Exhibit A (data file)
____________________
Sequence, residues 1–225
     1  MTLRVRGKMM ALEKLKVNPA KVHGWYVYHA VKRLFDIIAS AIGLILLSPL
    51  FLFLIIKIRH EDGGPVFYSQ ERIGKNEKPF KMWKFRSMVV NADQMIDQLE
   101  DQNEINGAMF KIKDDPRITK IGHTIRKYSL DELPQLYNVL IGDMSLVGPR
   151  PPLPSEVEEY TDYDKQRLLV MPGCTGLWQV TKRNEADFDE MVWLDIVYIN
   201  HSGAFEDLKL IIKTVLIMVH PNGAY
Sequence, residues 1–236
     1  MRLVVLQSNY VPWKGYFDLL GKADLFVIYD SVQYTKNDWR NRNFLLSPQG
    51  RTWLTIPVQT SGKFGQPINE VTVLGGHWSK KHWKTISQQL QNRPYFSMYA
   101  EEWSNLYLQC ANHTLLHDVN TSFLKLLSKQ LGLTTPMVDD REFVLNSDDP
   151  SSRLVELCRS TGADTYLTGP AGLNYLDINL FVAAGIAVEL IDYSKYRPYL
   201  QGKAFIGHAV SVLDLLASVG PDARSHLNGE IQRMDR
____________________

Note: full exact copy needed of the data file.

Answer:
Sequence, residues 1–225
     1  MTLRVRGKMM ALEKLKVNPA KVHGWYVYHA VKRLFDIIAS AIGLILLSPL
    51  FLFLIIKIRH EDGGPVFYSQ ERIGKNEKPF KMWKFRSMVV NADQMIDQLE
   101  DQNEINGAMF KIKDDPRITK IGHTIRKYSL DELPQLYNVL IGDMSLVGPR
   151  PPLPSEVEEY TDYDKQRLLV MPGCTGLWQV TKRNEADFDE MVWLDIVYIN
   201  HSGAFEDLKL IIKTVLIMVH PNGAY
Sequence, residues 1–236
     1  MRLVVLQSNY VPWKGYFDLL GKADLFVIYD SVQYTKNDWR NRNFLLSPQG
    51  RTWLTIPVQT SGKFGQPINE VTVLGGHWSK KHWKTISQQL QNRPYFSMYA
   101  EEWSNLYLQC ANHTLLHDVN TSFLKLLSKQ LGLTTPMVDD REFVLNSDDP
   151  SSRLVELCRS TGADTYLTGP AGLNYLDINL FVAAGIAVEL IDYSKYRPYL
   201  QGKAFIGHAV SVLDLLASVG PDARSHLNGE IQRMDR